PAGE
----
Saturday, May 13, 2006

64 Years Ago

Ocracoke's British Cemetery, next to the historic Howard family graveyard, is the final resting place of four sailors from Great Britain's HMT Bedfordshire, an armed trawler which was torpedoed by a German U-boat on May 11, 1942. Island residents discovered their bodies on the beach shortly after the tragedy and arranged for a fitting burial under the shade of several ancient live oak trees. Today the graves are under the care of the British War Graves Commission along with the US Coast Guard. Every spring, a memorial service is held to honor these and other brave sailors who served in WWII.

Tomorrow is the 64th anniversary of the discovery of the bodies by island natives. And yesterday was the annual memorial service. I visited the neatly tended graves last night, under the calming light of the brilliant full moon. Wreaths are placed by the fence and the British flag flies watch over the cemetery, a silent reminder of cooperation, camaraderie, dedication, bravery, and tragedy.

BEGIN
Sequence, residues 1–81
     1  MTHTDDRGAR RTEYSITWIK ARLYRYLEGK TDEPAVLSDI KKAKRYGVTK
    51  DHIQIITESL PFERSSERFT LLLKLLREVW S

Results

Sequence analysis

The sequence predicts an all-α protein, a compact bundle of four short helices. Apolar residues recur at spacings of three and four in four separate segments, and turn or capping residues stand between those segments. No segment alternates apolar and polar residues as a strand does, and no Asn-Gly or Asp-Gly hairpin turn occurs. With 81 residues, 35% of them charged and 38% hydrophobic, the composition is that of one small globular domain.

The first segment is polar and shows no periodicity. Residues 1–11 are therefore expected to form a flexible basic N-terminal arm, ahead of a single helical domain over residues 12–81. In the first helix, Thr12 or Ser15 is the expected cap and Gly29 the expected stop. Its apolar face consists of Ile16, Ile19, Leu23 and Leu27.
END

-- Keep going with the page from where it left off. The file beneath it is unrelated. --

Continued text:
You can read our latest newsletter here: It's the story of Old Kade.

1 comment:

  1. Anonymous10:04 PM

    I have read about the memorial for the British sailors for the last three years. This year my annual trip to Ocracoke coincided with the service. What a memorable service it was. Even though the events occured before I was born, the words spoken and the music played and the general feeling of the day was one of reverence and rememberance. There is something that just raises the gooseflesh when the bagpipes start their mournful whine...If anyone has the chance, they must attend the service at least once...It will not be forgotten. Judy